Don't Say You'll Pray for Me
"A word aptly spoken is like apples of gold in settings of silver." Proverbs 25:11 (NIV 1984)
I've been convicted about empty statements. These are words I say to make a conversation a little more comfortable in the moment. But do I really mean what I say?
Empty statements can also be little promises that give a needed lift to someone. Yet without a plan to actually keep that promise, do I really intend to keep it?
It's not that these statements are wrong, bad or ill-intentioned. But they are empty at best and potentially hurtful at worst. People in my life deserve better than that.
I want to be a woman who exemplifies God's Word by keeping my word.
The Bible is clear that our words matter; our words carry weight. Proverbs 25:11 says, "A word aptly spoken is like apples of gold in settings of silver." Our words can be gifts.
But if we speak words with no follow-through, they can be hurtful. It's like holding out a gift but refusing to give it.
Here are three empty statements I want to stop saying if I don't have a plan for follow-through:
1. I'm praying for you.
Obviously, I do want to pray for people. And sometimes when I say this, I have great follow-through. But other times I forget.
A great intention doesn't make for a great prayer.
So, I need to pray for that person right then and there, or I need to keep a journal in my purse to write down prayer requests.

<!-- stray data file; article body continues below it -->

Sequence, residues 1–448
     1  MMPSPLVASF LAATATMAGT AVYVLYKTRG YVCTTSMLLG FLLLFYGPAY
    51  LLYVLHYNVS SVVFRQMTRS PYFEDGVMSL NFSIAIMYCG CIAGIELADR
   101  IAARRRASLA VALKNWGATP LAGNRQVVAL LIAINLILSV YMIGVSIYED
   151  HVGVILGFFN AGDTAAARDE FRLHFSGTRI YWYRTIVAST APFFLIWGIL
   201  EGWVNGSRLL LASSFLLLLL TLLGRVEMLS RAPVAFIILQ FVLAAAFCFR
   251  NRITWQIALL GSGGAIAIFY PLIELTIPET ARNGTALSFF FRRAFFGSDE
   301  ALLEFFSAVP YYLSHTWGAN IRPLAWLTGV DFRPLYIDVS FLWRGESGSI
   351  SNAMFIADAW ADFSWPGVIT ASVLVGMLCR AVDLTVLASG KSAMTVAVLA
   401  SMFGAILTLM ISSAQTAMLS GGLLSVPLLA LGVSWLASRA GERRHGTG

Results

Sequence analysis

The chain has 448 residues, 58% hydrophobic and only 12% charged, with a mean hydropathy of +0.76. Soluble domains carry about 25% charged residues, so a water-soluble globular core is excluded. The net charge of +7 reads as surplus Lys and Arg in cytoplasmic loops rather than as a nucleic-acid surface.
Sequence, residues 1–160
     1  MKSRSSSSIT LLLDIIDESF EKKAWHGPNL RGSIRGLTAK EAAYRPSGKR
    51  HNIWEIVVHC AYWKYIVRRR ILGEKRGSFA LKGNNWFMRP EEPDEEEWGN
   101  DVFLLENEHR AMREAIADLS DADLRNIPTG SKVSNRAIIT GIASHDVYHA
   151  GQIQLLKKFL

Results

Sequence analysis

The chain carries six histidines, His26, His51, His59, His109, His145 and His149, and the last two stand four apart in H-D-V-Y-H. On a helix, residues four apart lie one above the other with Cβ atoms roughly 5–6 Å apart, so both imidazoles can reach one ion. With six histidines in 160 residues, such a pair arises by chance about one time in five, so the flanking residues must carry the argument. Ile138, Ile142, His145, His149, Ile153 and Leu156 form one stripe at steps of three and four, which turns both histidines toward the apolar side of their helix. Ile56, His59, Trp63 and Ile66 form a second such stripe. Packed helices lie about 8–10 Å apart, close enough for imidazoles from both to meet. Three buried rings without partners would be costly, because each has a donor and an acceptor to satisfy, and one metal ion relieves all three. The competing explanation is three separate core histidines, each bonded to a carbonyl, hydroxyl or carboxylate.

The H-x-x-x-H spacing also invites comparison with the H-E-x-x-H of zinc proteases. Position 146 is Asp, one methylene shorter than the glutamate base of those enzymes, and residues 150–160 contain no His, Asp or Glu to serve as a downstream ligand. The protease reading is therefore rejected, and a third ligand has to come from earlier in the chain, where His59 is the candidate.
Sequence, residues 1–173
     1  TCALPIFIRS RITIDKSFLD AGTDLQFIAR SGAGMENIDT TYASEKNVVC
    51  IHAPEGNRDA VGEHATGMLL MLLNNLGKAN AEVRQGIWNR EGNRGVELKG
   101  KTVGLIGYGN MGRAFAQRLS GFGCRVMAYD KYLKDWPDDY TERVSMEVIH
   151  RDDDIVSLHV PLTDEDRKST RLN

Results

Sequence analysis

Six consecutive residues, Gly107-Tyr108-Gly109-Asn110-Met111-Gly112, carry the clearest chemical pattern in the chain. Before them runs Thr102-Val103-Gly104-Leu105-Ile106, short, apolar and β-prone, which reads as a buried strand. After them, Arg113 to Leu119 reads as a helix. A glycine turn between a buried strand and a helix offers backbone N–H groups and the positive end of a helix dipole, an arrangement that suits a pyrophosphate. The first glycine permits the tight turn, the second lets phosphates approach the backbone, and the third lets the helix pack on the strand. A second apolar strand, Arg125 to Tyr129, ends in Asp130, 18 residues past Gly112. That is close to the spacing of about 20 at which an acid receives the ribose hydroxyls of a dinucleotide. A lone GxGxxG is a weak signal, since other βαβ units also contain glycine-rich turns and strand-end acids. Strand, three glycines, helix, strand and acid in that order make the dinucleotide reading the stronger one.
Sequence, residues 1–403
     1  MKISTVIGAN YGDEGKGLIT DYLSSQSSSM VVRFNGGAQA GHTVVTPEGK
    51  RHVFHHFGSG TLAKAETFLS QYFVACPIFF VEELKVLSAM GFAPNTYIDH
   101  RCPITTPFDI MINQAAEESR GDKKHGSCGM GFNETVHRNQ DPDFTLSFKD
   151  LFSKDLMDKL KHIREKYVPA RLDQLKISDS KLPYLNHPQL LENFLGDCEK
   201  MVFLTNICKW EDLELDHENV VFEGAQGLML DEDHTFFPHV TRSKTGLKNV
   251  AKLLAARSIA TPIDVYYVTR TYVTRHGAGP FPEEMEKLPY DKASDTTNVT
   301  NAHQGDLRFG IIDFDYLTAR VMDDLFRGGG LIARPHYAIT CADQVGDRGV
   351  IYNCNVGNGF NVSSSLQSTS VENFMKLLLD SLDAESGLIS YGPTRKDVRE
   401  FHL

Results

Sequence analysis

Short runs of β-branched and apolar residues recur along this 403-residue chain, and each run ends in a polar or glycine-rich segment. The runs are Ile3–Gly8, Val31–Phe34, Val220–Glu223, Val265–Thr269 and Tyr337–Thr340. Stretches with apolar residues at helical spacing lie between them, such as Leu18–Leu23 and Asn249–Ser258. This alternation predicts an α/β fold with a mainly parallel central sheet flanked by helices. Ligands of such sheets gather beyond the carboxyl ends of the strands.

2. Let's get together sometime.
Either I need to pull out my calendar and schedule time with someone or be honest about my current time constraints. The people-pleaser in me struggles with this.
When people say this to me without any follow-through, it hurts. While I can't change what others say to me, I can make a heart policy to not do this to others.
3. I'm good, how are you?
Understandably, sometimes this is the right, polite statement to say when I'm quickly greeting someone. But I will also say this to others with whom I really should be more open and honest.
I'm reluctant sometimes to let even close friends know needs bubbling below my "I'm good" statements.
If I will be braver to open up, it will give my friends permission to do the same.
So, there they are. My three empty statements and my convictions to do a better job of saying what I mean and meaning what I say.
Let's commit to being women who keep our word. Right now. Today. Not only will it strengthen our friendships but it will make our relationship with the Lord more authentic as we live out His Word.
Dear Lord, thank You for convicting me about using empty statements. My words can be powerful tools and I want to use them for Your purposes. In Jesus' Name, Amen.
Reflect and Respond:
Which one of the three empty statements resonates with you the most? (Keep a prayer journal in your purse, schedule a specific time to get together with someone or open up with how you're honestly feeling.)
This week, make it a point to put action into place when using that statement.
1 John 3:18a, "My dear children, let's not just talk about love; let's practice real love." (MSG)
James 1:23-25, "Anyone who listens to the word but does not do what it says is like someone who looks at his face in a mirror and, after looking at himself, goes away and immediately forgets what he looks like. But whoever looks intently into the perfect law that gives freedom, and continues in it — not forgetting what they have heard, but doing it — they will be blessed in what they do." (NIV)
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